Jerry Kopel

Credit insurance is, in my opinion, the WORST type of insurance in the state of Colorado. And this year there are three bills in the legislature that will probably become law and make it even worse.

As a consumer, you can inspect various types of life, health, and accident, or property insurance, and pick the policy you think provides the best coverage at the least possible cost. But you can't do that with credit insurance.

If you buy a car or other large items on credit, you are often urged by the seller or lender to buy their credit insurance to "protect" you in case the property is damaged, or you lose your job, are disabled, ill, injured, or die. What the seller or lender doesn't tell you is that you might already be covered by your regular insurance policies. That piece of paper is put in front of your face by the seller or lender and you sign.

And what the seller or lender also doesn't tell you is what the Dept. of Regulatory Agencies told the Colorado legislature three and a half years ago:

"Higher rates cost Colorado consumers millions of dollars a year in over-priced credit insurance."

Only forty cents of every dollar you put in the pot for all types of credit insurance in Colorado has to be paid back to the consumer. It is the LOWEST pay back percent in the United States. The other 60 cents? It goes to the insurance company and the "insurance agent" who is often the CEO of the retailer you buy from or the lender you borrow from.

Formulas in the insurance laws allow the person receiving the commission to keep as much as 40 cents of the dollar.

Not every lending group treats the consumer badly on credit insurance. Credit Unions in Colorado do provide a 60 percent or better loss ratio on premiums paid for credit insurance.

Doesn't the free market allow the consumer to buy credit insurance at the lowest price? No. DORA states "The seller of the product rather than the consumer chooses which insurer will provide the coverage." These are GROUP insurance policies. "Consequently, insurers compete for credit insurance NOT by lowering the price to gain consumers but rather by offering HIGHER compensation to the creditor."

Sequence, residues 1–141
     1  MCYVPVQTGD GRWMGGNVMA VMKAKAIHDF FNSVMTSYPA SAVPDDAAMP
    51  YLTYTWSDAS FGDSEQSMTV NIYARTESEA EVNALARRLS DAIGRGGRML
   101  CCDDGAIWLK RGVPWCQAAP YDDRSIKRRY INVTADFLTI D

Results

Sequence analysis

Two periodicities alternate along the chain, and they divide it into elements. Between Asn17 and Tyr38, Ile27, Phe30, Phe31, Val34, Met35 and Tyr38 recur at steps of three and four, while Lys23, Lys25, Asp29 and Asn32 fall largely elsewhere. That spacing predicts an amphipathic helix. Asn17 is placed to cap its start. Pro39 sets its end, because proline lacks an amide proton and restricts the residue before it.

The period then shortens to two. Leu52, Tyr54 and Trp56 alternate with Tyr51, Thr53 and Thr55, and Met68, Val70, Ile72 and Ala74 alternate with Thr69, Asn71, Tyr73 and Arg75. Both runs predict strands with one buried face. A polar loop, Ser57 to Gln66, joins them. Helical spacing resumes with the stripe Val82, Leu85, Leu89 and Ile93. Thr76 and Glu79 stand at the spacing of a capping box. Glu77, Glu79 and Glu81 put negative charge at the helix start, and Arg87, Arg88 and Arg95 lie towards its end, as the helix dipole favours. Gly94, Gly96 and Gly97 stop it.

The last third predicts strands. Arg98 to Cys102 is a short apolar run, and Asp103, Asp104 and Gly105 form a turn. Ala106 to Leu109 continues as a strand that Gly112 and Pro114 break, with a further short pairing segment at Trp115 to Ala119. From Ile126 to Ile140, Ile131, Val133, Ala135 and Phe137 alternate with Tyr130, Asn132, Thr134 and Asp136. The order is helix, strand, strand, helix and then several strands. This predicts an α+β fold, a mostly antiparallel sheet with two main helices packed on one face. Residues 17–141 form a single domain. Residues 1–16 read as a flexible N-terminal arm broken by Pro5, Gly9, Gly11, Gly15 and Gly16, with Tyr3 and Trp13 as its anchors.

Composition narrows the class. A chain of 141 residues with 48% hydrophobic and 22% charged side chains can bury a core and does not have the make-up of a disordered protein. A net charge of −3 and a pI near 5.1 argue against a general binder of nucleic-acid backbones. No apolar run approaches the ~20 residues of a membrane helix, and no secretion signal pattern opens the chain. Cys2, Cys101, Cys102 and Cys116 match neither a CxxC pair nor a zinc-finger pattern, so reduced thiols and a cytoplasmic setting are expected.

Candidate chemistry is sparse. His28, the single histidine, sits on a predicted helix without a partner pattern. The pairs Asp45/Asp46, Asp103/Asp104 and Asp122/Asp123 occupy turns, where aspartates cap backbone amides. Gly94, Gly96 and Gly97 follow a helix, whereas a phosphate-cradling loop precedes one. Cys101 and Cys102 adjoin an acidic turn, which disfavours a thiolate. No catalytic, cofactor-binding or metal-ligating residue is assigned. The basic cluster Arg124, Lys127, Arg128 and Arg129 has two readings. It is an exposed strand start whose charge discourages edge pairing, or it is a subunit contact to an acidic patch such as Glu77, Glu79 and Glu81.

Which makes SB 106 by Sen. David Owen, R-Greeley and Rep. Jack Taylor, R-Steamboat Springs VERY interesting. The bill title is "Concerning the Elimination of Requirements for Approval by the Commissioner of Insurance for Certain Types of Insurance." The summary "Declares that open competition is beneficial to the consumer as well as the insurance industry." That may well be true as to many types of insurance but NOT TRUE of credit insurance.

What the bill does, and you won't find it revealed in the language, is change the burden of proof. Presently the Insurance Commissioner approves or disapproves what the credit insurance companies plan to do in relation to their insurance policies. If the companies don't like what the commissioner is doing they can appeal, but they have the burden of proving the commissioner was wrong.

Under SB 106, that is turned upside down. After the policies are released to the public, the commissioner has to go forward to prove the company has violated the law.

Why is it important to keep tight control over credit insurance companies? The last DORA report on the Insurance Division was in 1996 and it tells us "...the Division of Insurance exams of twenty credit insurers (found) sixteen were charging higher rates than allowed by statute resulting in thousands of dollars of excess premiums." One of the 16 companies was forced to refund $100,000.

Assume the amount of credit insurance issued in 1999 in Colorado was $100 million (and that is probably conservative.) Of that amount $40 million is returned to the consumer on claims paid. If you raised the loss ratio to 50 percent (which would still be at the very bottom in the U.S.) you are not going to get a larger "payback" to the consumer, because the $40 million represents actual losses.

What will happen is the amount of premium paid by the consumer is reduced to $80 million, a $20 million dollar saving. And don't forget the consumer is paying INTEREST on the credit insurance as well as on the sale or loan.

Another credit insurance bill is SB 130 by Sen. Mark Hillman, R-Burlington and Rep. Kenneth Kester, R-Las Animas. The bill would "delete the (no more than) 10-year requirement currently applicable to credit insurance under the Credit Insurance Act." Reason for the change? Lending on a second mortgage may be longer than ten years and credit insurance provides a great profit.

The third bill is HB 1292 by Rep. Kester and Sen. Hillman (a reversal of SB 130 sponsorship). Instead of a longer period of credit insurance coverage, HB 1292 provides "truncated" coverage (as in one-half coverage). As an example, when a four year loan is only half paid off and the property is not as valuable, or the debtor is now older and statistically more likely to die or become ill, there will be no payout from credit insurance.

Is it possible the consumer will ever pay lower premiums for credit insurance most of them don't need? They'll face groups such as the Colorado Bankers Assn., Colorado Automobile Dealers Assn., Financial Services Assn., Colorado Retail Council, Consumer Credit Insurance Assn., and Central States of Omaha. Guess who wins?

Jerry Kopel writes a column for the Statesman based on 22 years past experience as a state legislator.

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